Internet rights are human rights
What does your hate speech monster look like? This is the question posed in a video we have produced as part of our project "Challenging hate narratives and violations of freedom of religion and expression online in Asia".
On 8 January 2020, Privacy International and over 50 other organisations, including APC, submitted a letter to Alphabet Inc. CEO Sundar Pichai asking Google to take action against exploitative pre-installed software on Android devices.
APC welcomes the focus of the UN Special Rapporteur on the acute and structural threats that new information technologies, including artificial intelligence (AI), pose to the rights to non-discrimination and racial equality, human rights principles and standards.
At the UN First Committee, two processes – the UN Group of Governmental Experts (GGE) and the Open-ended Working Group – are exploring the same question: responsible state behaviour in cyberspace. This paper examines norms in cyberspace, or "cyber norms", and their relevance to human rights.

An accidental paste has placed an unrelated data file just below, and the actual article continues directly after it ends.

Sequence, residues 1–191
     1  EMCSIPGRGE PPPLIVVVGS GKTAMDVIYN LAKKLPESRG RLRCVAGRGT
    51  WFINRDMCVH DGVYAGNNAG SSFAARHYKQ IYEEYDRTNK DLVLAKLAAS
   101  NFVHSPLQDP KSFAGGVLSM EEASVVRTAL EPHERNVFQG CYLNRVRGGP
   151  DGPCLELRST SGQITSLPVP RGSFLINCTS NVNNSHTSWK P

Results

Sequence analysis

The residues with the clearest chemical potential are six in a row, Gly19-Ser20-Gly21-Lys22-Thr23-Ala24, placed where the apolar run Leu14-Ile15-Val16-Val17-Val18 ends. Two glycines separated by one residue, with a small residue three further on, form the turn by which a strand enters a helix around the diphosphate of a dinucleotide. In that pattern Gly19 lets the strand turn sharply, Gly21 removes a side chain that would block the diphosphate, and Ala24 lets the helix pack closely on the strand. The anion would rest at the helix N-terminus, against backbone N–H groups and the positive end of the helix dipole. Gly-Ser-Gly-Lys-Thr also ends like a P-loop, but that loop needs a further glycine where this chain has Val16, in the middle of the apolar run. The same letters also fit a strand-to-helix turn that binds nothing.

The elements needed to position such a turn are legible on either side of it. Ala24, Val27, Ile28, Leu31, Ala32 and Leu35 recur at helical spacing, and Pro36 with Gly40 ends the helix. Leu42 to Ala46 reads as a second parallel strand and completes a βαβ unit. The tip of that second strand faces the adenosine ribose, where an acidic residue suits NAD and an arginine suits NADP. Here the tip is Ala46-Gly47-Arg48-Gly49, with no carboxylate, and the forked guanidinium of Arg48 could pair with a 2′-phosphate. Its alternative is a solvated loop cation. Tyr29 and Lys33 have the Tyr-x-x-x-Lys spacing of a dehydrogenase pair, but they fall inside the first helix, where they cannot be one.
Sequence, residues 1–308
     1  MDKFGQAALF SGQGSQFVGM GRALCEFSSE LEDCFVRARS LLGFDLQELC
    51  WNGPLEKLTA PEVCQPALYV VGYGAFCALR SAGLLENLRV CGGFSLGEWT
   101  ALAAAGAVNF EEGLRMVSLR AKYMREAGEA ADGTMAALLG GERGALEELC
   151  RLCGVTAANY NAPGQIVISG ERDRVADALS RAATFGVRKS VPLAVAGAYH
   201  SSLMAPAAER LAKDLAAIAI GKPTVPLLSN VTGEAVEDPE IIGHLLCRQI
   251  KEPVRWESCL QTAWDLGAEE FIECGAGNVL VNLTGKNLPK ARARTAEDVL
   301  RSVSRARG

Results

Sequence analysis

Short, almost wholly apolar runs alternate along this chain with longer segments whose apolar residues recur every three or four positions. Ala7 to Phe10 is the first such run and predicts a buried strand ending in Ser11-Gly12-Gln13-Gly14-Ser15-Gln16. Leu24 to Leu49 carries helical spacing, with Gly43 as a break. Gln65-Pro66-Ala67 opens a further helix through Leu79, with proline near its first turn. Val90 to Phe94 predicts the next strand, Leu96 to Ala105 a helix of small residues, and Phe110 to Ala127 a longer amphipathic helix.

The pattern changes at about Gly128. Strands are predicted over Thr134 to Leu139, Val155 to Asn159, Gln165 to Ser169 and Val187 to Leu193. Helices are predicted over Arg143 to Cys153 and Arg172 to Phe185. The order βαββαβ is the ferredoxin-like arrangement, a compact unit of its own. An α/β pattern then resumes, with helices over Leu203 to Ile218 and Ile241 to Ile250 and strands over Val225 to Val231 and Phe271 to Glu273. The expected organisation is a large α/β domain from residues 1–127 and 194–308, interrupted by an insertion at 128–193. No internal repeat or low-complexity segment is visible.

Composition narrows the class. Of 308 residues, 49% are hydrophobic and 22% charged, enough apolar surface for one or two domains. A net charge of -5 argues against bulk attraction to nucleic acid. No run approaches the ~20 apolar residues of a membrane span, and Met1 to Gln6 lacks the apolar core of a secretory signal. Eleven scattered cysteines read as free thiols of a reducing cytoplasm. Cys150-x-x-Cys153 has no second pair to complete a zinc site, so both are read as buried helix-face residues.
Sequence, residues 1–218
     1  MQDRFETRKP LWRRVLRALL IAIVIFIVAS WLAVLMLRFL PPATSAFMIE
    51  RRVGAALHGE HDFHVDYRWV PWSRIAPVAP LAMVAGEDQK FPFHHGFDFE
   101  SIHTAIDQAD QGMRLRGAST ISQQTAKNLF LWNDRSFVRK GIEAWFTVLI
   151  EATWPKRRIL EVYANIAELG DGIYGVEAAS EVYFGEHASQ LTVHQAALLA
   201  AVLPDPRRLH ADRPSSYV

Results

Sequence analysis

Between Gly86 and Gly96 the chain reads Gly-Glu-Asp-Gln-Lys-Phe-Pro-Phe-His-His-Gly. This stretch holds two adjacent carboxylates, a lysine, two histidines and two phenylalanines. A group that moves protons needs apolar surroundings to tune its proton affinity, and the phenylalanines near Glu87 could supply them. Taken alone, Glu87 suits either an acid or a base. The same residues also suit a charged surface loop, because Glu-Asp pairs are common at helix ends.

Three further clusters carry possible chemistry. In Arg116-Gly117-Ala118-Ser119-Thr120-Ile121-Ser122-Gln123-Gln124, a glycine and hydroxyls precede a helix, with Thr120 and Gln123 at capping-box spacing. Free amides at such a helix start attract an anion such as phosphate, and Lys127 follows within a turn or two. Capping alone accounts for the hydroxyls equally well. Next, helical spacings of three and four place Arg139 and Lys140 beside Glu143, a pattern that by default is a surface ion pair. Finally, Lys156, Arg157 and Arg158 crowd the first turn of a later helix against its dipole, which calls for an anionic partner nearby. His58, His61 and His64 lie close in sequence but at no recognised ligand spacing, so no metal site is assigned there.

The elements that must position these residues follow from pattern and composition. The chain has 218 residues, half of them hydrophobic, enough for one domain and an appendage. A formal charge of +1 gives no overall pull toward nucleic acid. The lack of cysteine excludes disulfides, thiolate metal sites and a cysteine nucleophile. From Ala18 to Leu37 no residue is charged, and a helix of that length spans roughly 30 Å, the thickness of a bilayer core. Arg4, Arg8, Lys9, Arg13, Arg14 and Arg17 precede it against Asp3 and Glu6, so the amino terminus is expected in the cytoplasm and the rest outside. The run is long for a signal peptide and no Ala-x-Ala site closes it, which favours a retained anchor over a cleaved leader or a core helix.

The Observatoire des Libertés Numériques and 80 organisations, including APC, signed this joint letter calling on the French government and parliament to ban any present and future use of facial recognition for security and surveillance purposes.
The undersigning civil society organisations express concern over the global trend of persecuting digital rights defenders, including security researchers and trainers who act to protect and promote human rights, and demand protection of their work and their recognition as human rights defenders.
One of the most important underlying issues of the digital revolution that’s now underway is: what will happen to the jobs?
GreenNet, the ethical internet service provider that has been connecting people and groups since 1986, suffered a DDoS attack on 22 and 23 November 2019. Forensic examinations revealed that the attack was targeted at an organisation publishing new research that weekend.
Efforts to bolster cybersecurity often ignore the human rights dimension, or worse, view human rights as an impediment to cybersecurity. This is a dangerous and misguided assumption. Cybersecurity is a human rights issue, and it is time to start treating it like one.
While pointing to the positive use of AI to enable rights in ways that were not easily possible before, this edition of GISWatch highlights the real threats that we need to pay attention to if we are going to build an AI-embedded future that enables human dignity.